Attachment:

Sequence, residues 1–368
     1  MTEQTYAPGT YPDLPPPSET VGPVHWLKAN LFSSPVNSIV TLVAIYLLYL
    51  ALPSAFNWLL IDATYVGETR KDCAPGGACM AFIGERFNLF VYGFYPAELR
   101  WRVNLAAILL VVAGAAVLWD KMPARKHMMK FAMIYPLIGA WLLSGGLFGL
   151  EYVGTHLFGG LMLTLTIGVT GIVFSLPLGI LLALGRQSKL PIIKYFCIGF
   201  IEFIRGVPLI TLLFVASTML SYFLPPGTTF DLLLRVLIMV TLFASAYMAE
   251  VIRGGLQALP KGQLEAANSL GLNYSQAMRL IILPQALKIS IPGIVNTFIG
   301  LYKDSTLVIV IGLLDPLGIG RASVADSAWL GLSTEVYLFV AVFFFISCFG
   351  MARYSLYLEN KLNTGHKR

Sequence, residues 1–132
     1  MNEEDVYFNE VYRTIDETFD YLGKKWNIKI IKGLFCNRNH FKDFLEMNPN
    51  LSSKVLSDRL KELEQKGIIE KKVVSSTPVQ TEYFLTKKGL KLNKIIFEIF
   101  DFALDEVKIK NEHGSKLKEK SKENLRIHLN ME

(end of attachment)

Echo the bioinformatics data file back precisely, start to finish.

Sequence, residues 1–368
     1  MTEQTYAPGT YPDLPPPSET VGPVHWLKAN LFSSPVNSIV TLVAIYLLYL
    51  ALPSAFNWLL IDATYVGETR KDCAPGGACM AFIGERFNLF VYGFYPAELR
   101  WRVNLAAILL VVAGAAVLWD KMPARKHMMK FAMIYPLIGA WLLSGGLFGL
   151  EYVGTHLFGG LMLTLTIGVT GIVFSLPLGI LLALGRQSKL PIIKYFCIGF
   201  IEFIRGVPLI TLLFVASTML SYFLPPGTTF DLLLRVLIMV TLFASAYMAE
   251  VIRGGLQALP KGQLEAANSL GLNYSQAMRL IILPQALKIS IPGIVNTFIG
   301  LYKDSTLVIV IGLLDPLGIG RASVADSAWL GLSTEVYLFV AVFFFISCFG
   351  MARYSLYLEN KLNTGHKR

Sequence, residues 1–132
     1  MNEEDVYFNE VYRTIDETFD YLGKKWNIKI IKGLFCNRNH FKDFLEMNPN
    51  LSSKVLSDRL KELEQKGIIE KKVVSSTPVQ TEYFLTKKGL KLNKIIFEIF
   101  DFALDEVKIK NEHGSKLKEK SKENLRIHLN ME